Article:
The simple approach is to take time to build chronic workload. But the reality can often be different. It might take eight weeks to build chronic workloads, but what if you lose eight games in that time? A manager is always balancing, trying to build high chronic workloads as quickly as possible, but as safely as possible. Often those two things can compete.

The biggest enemy in sport is time. If you have an injured player, you typically don’t have enough time to bring them back to full loads to protect them against injury. As a manager, you have to make tough decisions and you have to win. It’s got to be one of the toughest jobs in the world.

If your player is 75% right, is that enough to get them through a Premier League game? Or might it put them at risk in the next seven days because you’ve spiked their workload?

The experienced managers can calculate cost benefit on the run, but it’s easy to be overwhelmed by those decisions.

I can see it from the medical team’s perspective. They’re under pressure because they’re getting pressure from the manager to get the player back quickly. In the majority of cases you can’t beat biological healing times though. Some injuries, like an ankle strain, you can strap up, but for other soft tissue injuries you just can’t do that. You need to get enough chronic load into the player so they’re safe to go out again.

I can see it from the manager’s point of view too though – he wants to get his team as fit as quickly as possible. He can’t take nine weeks to slowly build up fitness – in his mind he’s thinking 'if I’m going out, I’m going out on my terms'.

There are a lot of different 'players' involved in the process – the player himself, the medical team, the fitness staff, the skill coaches, and so on. Everyone involved in the training process has a role. It’s the teams who can work together that go a long way to achieving that aim.

It could be as simple as the player making sure he maintains minimum chronic load when he goes on his break. If they don’t do anything on say a four-week break then it could take up to 11 weeks to get back where they were before. By maintaining a minimum chronic load they put themselves in a position where they can handle the load that comes during pre-season and are less likely to break down during the season itself.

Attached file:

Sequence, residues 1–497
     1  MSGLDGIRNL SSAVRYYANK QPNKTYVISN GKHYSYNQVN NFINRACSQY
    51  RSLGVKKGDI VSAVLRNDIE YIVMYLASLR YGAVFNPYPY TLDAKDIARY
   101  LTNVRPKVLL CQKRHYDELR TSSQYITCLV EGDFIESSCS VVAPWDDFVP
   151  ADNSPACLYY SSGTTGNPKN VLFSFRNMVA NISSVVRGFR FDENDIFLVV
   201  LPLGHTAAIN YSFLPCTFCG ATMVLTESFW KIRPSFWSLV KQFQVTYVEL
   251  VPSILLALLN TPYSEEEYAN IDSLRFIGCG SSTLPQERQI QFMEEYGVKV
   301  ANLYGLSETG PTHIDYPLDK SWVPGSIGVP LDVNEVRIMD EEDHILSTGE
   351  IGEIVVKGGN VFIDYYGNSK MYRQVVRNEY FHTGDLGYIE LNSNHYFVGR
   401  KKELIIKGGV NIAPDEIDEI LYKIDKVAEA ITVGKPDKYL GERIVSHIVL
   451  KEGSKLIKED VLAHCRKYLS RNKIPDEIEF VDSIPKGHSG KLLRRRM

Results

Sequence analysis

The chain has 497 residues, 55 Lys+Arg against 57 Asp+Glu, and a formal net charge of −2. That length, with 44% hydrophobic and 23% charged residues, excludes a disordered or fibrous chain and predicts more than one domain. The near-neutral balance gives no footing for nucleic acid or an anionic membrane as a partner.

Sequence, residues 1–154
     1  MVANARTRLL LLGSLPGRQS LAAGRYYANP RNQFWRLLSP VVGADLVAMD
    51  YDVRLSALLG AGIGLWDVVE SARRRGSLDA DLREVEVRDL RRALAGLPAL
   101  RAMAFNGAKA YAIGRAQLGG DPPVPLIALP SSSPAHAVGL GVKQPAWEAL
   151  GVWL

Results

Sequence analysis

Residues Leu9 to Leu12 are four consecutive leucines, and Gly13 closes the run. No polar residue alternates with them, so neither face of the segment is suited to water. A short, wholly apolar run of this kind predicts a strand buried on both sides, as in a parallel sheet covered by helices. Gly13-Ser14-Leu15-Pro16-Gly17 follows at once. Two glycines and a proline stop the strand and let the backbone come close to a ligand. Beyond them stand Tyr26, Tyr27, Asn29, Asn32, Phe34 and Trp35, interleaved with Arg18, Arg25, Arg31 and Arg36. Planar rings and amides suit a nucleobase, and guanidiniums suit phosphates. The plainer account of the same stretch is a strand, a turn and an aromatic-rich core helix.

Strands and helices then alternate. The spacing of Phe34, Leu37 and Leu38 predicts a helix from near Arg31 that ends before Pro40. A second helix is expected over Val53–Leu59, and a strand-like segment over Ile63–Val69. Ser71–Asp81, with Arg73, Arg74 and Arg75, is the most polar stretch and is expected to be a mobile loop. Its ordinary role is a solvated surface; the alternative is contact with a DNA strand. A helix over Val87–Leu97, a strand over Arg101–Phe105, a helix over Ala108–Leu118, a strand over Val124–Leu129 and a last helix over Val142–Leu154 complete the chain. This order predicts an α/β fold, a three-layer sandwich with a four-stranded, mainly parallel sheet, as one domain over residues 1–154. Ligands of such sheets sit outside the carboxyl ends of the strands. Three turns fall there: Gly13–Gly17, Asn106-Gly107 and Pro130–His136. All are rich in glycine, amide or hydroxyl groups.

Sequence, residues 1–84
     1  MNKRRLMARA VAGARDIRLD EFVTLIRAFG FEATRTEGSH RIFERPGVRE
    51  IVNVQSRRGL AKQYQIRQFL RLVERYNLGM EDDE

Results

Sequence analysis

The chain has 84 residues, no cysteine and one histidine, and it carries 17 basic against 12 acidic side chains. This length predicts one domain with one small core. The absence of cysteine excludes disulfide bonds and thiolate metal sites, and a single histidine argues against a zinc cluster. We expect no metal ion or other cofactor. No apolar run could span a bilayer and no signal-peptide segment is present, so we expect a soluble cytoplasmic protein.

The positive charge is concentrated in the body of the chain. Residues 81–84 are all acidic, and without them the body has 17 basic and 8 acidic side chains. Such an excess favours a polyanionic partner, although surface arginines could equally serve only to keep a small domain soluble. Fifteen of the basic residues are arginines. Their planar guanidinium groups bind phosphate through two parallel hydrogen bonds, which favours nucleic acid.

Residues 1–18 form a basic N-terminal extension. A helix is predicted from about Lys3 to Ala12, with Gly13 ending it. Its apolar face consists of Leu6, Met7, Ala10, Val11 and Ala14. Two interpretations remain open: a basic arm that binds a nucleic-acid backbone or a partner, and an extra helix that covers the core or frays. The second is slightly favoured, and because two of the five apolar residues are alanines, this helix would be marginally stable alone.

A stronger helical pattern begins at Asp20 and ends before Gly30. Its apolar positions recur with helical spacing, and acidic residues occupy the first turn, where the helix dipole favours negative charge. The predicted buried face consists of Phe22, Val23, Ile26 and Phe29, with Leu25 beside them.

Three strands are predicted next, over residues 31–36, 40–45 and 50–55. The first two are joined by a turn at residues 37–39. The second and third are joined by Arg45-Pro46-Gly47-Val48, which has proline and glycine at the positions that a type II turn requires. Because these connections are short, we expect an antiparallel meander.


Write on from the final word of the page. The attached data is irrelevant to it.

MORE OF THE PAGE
When I talk about high chronic loads, you don’t necessarily want every player hitting the same load, because this will differ from player to player. Even if we had the exact same load, we would respond differently. It should be individualised. With the way teams are staffed and the resources that go into workload monitoring, it shouldn't be too difficult.

What you end up doing is grouping. The high loaders, the players who can handle load and spikes in load, they’re your robust group. Then you have your inbetweeners, who aren’t robust but aren’t fragile either. Then you have your fragile players. If you asked anyone in your coaching group who their fragile and robust players are, they would be able to identify them. Then you can individualise training programmes among these groups.

And screening through physical tests or muscular-skeletal screening will allow you to identify individual strengths, weaknesses and limitations. You can then develop individual programmes with work-ons – extra work on glutes or calf strength for example.


Thankfully, this has seemed to be a concept a lot of people can get their heads around, which is half the battle with science. We tend to make it more complex instead of simplifying it. I’m a big believer in talking to barmates – if you can’t explain what you do to a barmate then the chances are it’s not that important and you don’t know it well enough to explain.

I just hope this isn't seen as a fad, because that’s something that happens a lot in sport. I really hope load management underpins what we do to try and keep our players injury free. It’s critical.

There are three things to keep in mind when planning a training regime: your start point, end point and how long you’ve got to get from A to B.

If you know the demands of what you’re training for (and we usually do, because we have GPS and Prozone data), your chronic load at the start point, and how much time you’ve got, typically you can work out a programme to get there. You can either get you to point B really safely or not so safely. Getting you there safely could take a bit of time.

The three main things I’d recommend to anyone planning a training regime are: build high chronic workloads, make sure you’re prepared for the worst-case scenario and get there as safely as possible. You can use the acute-chronic ratio for that.